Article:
Colorado sheriff vows to go to jail rather than enforce a proposed unconstitutional ‘red flag’ gun law

Still another county sheriff is deeply gouging a line in the sand, pledging to protect and serve the people who elected him by defending their Second Amendment right to keep and bear arms. Sheriff Steve Reams of Weld County, Colorado, has declared that he will go to jail if it comes to that rather than enforce a Red Flag gun law that is moving through the state’s legislature.

Red Flag gun laws are controversial but often garner bipartisan support. On the surface, they are promoted as being about taking guns out of the hands of dangerous, mentally ill people–a reasonable political position for many pliable politicians. However, Red Flag laws in practice are necessarily vague about protecting civil liberties.

These laws are practically designed to mobilize a rapid police response to a single citizen’s complaint about an individual with the aim of removing guns from that person’s possession, “just in case” he or she has the potential to pose a danger to himself or others.

Sheriff Reams joins a lengthening line of law enforcement officers from around the nation who are taking similar stands. “It’s a matter of doing what’s right,” he said. “I’ve explained time and time again … I’m not bluffing.”

More than half the counties in Colorado oppose the bill, and 32 of them have declared their boundaries to delineate Second Amendment sanctuaries.

The U.S. Constitution is the bedrock foundation of American laws and liberties. The Second Amendment to the Constitution essentially gives citizens the power to enforce the provisions of the Constitution and to defend themselves from tyranny. Within the Second Amendment itself the original framers wisely emphasized that “it shall not be infringed.”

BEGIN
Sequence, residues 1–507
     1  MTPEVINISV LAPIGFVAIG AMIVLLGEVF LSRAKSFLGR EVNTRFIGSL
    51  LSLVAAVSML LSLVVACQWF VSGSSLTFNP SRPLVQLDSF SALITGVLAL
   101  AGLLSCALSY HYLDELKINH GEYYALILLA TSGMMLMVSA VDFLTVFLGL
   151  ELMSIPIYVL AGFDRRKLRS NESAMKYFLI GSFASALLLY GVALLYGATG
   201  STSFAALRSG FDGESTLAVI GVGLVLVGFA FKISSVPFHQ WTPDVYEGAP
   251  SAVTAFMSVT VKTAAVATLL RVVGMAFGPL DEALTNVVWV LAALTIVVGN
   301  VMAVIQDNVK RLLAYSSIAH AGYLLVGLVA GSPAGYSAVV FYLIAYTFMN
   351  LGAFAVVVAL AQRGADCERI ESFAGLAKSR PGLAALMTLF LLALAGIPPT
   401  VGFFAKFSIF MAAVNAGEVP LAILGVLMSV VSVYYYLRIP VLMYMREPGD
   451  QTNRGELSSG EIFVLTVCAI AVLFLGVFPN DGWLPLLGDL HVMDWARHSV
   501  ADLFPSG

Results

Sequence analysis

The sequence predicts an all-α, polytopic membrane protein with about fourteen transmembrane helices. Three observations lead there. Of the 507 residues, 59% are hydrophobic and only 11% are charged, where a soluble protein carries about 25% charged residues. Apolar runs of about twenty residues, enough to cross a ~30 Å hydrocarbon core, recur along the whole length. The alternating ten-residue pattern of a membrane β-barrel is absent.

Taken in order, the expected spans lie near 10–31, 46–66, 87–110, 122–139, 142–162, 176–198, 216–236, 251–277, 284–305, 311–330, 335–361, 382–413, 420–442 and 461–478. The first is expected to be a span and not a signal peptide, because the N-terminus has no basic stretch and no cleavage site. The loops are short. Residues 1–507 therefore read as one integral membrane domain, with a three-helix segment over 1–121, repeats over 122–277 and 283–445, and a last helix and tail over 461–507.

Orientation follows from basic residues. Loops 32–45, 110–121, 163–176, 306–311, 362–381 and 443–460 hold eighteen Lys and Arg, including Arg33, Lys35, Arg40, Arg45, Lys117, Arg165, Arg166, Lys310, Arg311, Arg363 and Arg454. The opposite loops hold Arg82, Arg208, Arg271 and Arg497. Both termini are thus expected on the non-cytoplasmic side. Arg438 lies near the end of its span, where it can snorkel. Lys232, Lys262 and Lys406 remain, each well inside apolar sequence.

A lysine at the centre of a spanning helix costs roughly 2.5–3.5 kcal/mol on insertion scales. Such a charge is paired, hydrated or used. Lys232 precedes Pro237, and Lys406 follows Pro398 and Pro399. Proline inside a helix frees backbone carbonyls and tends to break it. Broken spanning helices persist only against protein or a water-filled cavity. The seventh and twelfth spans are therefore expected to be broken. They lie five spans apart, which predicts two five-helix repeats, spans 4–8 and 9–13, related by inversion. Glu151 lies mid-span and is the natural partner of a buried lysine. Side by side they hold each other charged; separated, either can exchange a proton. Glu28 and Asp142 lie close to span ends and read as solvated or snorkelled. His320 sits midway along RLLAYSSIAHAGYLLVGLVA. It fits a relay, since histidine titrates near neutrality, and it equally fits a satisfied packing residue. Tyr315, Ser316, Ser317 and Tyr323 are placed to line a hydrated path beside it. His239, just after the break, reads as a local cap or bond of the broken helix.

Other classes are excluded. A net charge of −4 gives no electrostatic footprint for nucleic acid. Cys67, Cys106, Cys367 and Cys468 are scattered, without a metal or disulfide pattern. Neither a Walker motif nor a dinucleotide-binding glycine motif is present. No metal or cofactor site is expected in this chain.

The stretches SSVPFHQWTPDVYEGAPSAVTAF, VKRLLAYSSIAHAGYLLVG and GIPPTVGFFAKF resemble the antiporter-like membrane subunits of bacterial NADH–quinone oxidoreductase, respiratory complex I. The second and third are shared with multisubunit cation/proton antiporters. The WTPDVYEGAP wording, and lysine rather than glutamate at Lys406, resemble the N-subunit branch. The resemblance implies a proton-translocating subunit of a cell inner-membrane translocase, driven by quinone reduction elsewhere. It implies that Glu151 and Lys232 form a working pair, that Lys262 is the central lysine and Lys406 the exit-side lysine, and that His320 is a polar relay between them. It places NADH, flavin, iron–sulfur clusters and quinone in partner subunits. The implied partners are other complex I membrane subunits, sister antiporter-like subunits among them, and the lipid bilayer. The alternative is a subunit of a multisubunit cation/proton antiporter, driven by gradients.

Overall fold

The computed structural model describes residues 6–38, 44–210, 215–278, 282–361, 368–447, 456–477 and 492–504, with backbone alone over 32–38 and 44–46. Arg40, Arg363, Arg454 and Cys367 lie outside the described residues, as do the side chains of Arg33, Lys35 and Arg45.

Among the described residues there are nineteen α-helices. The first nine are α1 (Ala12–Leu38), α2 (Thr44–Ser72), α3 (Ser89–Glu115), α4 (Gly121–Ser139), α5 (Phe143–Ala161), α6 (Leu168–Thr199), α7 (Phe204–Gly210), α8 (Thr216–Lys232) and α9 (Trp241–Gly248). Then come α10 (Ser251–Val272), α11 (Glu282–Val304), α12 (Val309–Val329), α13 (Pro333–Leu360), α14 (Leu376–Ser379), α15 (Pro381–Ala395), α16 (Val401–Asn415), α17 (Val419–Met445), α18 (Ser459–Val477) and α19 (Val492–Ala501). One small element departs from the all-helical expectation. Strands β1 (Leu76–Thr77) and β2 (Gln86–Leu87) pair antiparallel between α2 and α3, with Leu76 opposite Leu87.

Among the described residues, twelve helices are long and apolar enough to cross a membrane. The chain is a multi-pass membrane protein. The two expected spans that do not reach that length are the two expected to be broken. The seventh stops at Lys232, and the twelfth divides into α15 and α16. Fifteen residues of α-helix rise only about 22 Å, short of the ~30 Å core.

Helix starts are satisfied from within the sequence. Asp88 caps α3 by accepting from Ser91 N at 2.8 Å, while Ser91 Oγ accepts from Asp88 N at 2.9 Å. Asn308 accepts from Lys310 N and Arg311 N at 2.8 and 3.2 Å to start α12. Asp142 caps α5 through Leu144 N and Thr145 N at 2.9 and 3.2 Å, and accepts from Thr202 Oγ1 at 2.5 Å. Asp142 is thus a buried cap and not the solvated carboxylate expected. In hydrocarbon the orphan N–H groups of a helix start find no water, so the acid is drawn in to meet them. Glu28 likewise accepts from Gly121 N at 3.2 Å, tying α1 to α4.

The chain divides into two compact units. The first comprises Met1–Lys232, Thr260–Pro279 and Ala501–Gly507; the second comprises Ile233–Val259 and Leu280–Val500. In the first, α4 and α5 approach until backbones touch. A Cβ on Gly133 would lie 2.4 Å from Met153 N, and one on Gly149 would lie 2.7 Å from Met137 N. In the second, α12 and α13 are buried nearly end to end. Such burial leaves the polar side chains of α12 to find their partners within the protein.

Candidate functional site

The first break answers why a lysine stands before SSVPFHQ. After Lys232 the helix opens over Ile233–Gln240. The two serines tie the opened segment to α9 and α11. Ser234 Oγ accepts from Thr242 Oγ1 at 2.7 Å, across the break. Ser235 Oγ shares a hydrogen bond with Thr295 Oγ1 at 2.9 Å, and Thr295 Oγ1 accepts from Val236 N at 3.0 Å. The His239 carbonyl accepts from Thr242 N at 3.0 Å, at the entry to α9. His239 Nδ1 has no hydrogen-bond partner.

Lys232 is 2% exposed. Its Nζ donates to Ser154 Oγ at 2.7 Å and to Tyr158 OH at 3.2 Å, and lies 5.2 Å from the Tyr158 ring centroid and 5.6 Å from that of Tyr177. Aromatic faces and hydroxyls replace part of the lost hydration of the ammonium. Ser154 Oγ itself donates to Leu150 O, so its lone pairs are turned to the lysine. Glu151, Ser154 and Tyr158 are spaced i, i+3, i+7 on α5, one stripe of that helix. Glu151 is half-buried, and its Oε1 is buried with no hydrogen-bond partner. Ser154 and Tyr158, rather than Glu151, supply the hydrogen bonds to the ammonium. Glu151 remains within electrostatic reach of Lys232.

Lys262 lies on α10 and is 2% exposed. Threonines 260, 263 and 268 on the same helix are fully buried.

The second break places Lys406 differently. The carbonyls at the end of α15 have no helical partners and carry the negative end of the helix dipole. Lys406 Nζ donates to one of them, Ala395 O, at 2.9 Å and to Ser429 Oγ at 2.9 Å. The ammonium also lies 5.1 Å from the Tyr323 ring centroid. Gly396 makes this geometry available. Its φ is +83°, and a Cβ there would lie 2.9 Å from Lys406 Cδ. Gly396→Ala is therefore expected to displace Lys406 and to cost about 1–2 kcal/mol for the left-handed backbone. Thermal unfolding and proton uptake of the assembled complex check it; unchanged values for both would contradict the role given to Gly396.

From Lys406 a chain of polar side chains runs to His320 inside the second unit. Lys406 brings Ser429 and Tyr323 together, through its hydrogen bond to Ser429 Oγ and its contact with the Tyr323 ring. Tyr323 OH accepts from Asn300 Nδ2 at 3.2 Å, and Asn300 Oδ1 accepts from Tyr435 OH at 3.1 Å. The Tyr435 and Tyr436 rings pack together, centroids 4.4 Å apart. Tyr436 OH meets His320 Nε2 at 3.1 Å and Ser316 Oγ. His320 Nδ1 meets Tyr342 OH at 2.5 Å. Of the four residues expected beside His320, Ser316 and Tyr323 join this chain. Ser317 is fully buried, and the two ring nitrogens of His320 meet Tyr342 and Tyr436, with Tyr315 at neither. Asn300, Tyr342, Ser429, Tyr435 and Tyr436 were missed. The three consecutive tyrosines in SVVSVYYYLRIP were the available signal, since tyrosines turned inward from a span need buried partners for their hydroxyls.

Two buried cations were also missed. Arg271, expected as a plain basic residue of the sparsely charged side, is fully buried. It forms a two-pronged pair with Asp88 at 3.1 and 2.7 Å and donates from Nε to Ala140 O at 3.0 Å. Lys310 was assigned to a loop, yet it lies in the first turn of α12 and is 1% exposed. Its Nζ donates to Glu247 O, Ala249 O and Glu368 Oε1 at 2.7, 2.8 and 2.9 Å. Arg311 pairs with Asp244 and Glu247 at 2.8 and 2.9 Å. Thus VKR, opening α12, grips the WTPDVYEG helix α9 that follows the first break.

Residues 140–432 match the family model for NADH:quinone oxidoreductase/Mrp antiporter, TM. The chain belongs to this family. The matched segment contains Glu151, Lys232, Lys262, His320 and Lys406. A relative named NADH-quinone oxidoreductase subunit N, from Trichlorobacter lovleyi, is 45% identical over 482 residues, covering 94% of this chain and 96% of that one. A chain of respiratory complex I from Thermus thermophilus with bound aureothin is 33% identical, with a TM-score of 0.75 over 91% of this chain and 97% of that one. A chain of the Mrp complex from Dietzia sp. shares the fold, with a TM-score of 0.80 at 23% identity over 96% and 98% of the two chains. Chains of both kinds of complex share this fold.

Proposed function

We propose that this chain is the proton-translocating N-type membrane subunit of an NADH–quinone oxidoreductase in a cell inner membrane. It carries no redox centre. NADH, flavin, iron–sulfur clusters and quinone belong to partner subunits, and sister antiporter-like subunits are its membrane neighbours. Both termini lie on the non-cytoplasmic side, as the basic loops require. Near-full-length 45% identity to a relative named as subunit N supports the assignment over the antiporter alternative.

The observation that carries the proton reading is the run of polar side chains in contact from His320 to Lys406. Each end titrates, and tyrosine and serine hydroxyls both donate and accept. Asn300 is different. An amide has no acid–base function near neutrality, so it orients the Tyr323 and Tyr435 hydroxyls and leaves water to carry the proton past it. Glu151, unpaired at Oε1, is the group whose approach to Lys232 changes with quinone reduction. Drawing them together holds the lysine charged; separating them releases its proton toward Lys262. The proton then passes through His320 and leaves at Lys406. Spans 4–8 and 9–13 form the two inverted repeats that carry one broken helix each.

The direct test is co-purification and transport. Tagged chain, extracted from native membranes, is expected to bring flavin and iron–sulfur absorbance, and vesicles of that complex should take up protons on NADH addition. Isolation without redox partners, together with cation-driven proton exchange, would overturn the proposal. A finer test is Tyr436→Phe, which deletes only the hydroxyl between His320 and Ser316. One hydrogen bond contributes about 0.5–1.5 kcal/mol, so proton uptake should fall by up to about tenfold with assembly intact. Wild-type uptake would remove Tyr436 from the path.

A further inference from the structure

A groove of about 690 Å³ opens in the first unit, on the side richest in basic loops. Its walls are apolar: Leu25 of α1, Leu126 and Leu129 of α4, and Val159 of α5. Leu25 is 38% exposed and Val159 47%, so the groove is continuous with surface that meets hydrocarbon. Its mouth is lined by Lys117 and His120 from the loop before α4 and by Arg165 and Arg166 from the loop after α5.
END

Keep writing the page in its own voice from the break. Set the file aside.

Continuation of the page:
Red Flag gun laws open a huge door to misuse and abuse by not only the government but also by political or personal opponents … possibly as the result of nothing more than anger or malice.

Colorado’s “Extreme Risk Protection Order” bill allows a family member, roommate, or law enforcement to petition a judge to remove someone’s firearms. The process takes place via an ex-parte hearing in which the gun owner would not have an opportunity to defend or challenge the claims made against them or to even be notified of the proceedings.

So this not only is a Second Amendment issue but obviously also an infringement of the Fifth Amendment–the right to due process of law.

David Kopel is a constitutional law expert who has done extensive research into gun laws. He noted that he has reservations about the Colorado bill and other similar laws because of the amount of influence being exerted on lawmakers by outside influences. “The gun-ban lobbies are getting more and more extreme and aggressive,” he said.

He also pointed out that when such a law is implemented, it would be easy to envision someone misusing the law to disarm a person they intend to violently target.

Colorado’s state Senate passed the bill Thursday by a single vote, without any Republican support. With a Democrat majority in the House, it is expected to pass there and be passed on to the Democrat Governor Jared Polis in short order.

El Paso County has already indicated that it intends to file a legal challenge to the law as soon as it is passed.

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